Minnich is an associate professor of microbiology at the University of Idaho, and a fellow at the Discovery Institute's Center for Science and Culture. Together with Behe (and Ralph Seelke) he must count as creationism’s biological alibi. In fact, Minnich is the biologist who wholeheartedly swallowed Behe’s idea of “irreducible complexity” in bacterial flagella, which supposedly is evidence of intelligent design (although since ID remains unfalsifiable (partially because Behe and his accomplices counter all counterevidence by moving the goal posts), it couldn’t have been, but that’s another story). Minnich was thus an obvious choice for the defense in Kitzmiller v. Dover Area School District. Part of his contribution to the defense was the fact that the previous year, Minnich and Stephen Meyer had presented a paper to an engineering conference entitled “Genetic Analysis of Coordinate Flagellar and Type III Regulatory Circuits” and the Discovery Institute lists this as one of its “Peer-Reviewed & Peer-Edited Scientific Publications Supporting the Theory of Intelligent Design”. The paper was, however, only reviewed for a conference presentation in engineering. I don’t think that counts insofar as scientific rigor is hardly the only (or even main) criterion for a conference presentation (more on the significance of Minnich’s testimony here). His actual publication record doesn’t show much sign of any support for creationism.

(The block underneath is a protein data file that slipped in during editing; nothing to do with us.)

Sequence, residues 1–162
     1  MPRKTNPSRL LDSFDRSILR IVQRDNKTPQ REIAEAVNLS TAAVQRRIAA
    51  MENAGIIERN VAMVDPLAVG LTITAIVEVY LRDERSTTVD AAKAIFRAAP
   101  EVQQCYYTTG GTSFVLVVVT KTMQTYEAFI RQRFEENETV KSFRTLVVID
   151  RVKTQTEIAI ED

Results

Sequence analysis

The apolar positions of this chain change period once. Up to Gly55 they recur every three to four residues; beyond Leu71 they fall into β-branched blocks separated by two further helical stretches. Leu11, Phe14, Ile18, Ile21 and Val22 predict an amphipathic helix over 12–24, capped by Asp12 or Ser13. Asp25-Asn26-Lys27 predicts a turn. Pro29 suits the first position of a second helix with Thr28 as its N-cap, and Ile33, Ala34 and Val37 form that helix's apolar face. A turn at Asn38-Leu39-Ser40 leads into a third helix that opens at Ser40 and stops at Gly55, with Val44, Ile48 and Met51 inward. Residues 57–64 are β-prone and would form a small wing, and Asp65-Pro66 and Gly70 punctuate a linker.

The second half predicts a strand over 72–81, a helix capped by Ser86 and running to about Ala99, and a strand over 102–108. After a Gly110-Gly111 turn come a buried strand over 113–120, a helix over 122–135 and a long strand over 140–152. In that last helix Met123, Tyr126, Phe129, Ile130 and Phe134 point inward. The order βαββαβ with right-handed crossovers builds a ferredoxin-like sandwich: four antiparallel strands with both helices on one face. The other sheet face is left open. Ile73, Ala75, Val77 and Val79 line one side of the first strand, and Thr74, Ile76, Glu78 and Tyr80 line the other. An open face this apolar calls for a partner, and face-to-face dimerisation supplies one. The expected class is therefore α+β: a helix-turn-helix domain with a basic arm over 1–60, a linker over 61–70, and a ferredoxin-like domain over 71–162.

Minnich is also the co-author or “Explore Evolution” with Stephen Meyer (discussed under Meyer).
Diagnosis: Minnich tends to shy away from public debates and it’s hard to say how hard he rides his creationist hobbyhorse (most of his actual work seems to have nothing to do with it). Still, he does lend his credibility to the crazies, and must be denounced for that.